As we've noted before in these columns, it is our opinion that Cardinal Burke is something of a saint, and only a saint would respond to this odd assignment at this crucial moment in such a humble and non-vindictive way. He is a loyal son of the Church who in this situation—as in the other, which puts him at odds with Pope Francis— has only the best interests of the Church and souls in mind.

Still, the rest of us are less virtuous, and we have a one-word question: Guam?

After everything that has happened--Amoris Laetitia, the scandal with the Knights of Malta, the Pope's refusal to answer the Four Cardinals' dubia--Guam?  
 
So, what do you think?
Is this yet another “promotion” for Cardinal Burke?  

 

Raymond Cardinal Burke told an Italian television program this week that he does not believe his recent assignment to Guam to preside over an investigation of a Church trial of an archbishop accused of abusing altar boys back in the 1970s is, in fact, a punishment from Pope Francis. The Cardinal's statements can be read here.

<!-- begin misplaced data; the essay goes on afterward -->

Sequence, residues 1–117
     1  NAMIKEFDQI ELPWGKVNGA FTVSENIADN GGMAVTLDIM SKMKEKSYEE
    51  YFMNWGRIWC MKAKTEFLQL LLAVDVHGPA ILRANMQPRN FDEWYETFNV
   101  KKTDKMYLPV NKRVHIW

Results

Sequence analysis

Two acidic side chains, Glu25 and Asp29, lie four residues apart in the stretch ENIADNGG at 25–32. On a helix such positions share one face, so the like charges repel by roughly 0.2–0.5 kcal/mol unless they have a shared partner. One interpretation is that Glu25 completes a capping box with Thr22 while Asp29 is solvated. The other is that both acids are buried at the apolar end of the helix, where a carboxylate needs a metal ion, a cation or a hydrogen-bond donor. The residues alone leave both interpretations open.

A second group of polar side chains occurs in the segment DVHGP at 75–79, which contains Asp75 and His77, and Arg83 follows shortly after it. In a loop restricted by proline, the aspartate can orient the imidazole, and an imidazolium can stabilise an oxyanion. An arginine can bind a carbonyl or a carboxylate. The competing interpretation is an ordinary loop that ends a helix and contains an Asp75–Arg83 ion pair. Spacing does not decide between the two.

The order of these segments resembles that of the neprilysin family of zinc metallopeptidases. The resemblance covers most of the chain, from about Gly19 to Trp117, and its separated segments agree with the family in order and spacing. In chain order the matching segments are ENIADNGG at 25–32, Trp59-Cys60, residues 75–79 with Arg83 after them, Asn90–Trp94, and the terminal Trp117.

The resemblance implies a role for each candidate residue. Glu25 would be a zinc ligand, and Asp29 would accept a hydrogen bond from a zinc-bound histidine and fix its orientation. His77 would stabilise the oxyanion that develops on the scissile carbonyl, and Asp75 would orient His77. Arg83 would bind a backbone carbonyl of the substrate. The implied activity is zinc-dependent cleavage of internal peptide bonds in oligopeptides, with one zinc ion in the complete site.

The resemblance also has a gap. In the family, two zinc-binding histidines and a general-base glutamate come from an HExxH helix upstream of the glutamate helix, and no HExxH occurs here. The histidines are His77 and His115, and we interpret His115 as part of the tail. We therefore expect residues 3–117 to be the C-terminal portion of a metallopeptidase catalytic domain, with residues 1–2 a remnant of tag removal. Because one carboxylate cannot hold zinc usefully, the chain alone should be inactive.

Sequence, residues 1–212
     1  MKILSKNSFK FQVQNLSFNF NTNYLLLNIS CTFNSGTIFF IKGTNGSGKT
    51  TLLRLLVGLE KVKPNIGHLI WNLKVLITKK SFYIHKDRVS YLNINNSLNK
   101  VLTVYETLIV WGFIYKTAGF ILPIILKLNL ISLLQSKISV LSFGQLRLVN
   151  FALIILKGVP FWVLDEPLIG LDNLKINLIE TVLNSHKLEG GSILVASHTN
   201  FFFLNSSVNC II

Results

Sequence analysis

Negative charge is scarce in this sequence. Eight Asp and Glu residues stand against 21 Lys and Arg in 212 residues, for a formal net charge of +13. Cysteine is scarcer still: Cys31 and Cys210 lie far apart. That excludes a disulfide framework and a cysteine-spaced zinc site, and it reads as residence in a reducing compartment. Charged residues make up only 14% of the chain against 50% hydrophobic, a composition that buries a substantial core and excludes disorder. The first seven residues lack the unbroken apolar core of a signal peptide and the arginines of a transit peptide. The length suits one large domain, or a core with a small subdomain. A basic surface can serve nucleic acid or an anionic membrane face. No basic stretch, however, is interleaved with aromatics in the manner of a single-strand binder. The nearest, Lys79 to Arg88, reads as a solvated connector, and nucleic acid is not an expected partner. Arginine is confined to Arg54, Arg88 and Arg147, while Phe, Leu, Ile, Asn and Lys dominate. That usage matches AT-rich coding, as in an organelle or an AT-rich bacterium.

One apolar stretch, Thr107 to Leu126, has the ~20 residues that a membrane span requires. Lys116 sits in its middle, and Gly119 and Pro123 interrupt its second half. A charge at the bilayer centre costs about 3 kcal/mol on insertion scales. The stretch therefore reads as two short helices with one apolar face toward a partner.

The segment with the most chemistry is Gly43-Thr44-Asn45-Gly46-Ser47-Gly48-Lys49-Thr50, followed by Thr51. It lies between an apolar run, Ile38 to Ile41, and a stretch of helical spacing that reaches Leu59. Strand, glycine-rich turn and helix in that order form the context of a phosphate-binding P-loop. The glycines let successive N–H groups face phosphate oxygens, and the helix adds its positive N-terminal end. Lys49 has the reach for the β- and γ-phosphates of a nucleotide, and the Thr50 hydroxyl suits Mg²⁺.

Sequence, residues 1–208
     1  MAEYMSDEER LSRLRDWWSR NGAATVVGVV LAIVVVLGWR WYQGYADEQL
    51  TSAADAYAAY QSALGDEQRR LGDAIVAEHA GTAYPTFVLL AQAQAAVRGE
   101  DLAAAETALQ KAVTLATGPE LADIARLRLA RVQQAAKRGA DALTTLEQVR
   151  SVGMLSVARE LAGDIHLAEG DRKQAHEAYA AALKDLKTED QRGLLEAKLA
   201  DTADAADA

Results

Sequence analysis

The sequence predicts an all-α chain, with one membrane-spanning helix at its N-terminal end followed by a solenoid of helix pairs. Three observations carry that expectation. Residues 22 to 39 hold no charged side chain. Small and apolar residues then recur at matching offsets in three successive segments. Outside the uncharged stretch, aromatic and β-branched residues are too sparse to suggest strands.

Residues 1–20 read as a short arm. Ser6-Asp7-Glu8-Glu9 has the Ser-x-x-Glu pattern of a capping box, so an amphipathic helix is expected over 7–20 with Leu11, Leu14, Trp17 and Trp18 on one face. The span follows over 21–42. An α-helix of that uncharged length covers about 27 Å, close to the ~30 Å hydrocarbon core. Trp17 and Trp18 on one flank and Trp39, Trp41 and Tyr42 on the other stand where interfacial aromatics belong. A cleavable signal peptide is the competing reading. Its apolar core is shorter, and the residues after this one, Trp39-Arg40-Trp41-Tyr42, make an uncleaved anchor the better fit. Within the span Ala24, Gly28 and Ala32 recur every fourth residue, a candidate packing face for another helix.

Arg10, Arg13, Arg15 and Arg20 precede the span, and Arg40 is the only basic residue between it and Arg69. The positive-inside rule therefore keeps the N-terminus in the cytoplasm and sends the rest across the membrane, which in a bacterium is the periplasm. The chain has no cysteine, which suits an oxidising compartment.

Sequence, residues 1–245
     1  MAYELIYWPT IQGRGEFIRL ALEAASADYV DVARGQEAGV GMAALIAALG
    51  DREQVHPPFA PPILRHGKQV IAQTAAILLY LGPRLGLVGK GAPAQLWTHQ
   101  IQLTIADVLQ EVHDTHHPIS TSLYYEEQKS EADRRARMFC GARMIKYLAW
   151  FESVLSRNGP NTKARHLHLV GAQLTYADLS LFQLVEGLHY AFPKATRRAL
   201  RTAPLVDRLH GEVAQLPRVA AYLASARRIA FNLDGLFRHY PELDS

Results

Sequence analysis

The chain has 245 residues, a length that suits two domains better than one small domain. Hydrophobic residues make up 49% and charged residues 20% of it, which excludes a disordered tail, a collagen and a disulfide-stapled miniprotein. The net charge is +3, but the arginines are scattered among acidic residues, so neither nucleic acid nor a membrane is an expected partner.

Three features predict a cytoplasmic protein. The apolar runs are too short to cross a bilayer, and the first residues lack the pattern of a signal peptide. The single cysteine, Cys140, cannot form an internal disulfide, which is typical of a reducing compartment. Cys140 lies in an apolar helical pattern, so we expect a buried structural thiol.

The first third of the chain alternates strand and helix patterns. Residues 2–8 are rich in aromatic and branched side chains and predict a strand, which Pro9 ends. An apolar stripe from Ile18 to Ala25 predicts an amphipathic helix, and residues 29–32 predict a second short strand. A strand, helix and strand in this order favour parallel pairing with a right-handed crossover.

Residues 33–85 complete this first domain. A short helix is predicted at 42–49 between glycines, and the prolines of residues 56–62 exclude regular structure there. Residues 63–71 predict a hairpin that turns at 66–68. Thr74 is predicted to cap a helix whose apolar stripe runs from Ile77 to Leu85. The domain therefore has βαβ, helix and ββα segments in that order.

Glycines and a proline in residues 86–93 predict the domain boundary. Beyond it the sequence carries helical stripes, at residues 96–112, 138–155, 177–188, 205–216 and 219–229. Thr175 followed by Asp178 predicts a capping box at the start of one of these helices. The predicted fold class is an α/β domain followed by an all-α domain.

In the interview, Cardinal Burke insists that his assignment came from the Congregation for the Doctrine of the Faith, on which he still serves as president of the Apostolic Tribunal. Cardinal Muller heads the CDF, and he has become an outspoken defender of Amoris Laetitia, Pope Francis’ controversial post-synodal exhortation that calls for divorced and remarried Catholics to be allowed to receive Holy Communion—the same document to which Cardinal Burke and three other cardinals will raise formal corrections if Pope Francis refuses to answer their five dubia, or questions, regarding its orthodoxy and apparent errors. 

When asked why he was chosen to go to Guam, Cardinal Burke said: "I think I was selected on the basis of my studies in canon law and my long experience with ecclesiastical processes."  The Cardinal indicated that he does not know how long he will be in Guam, but that he hopes "to be able to finish the work before summer."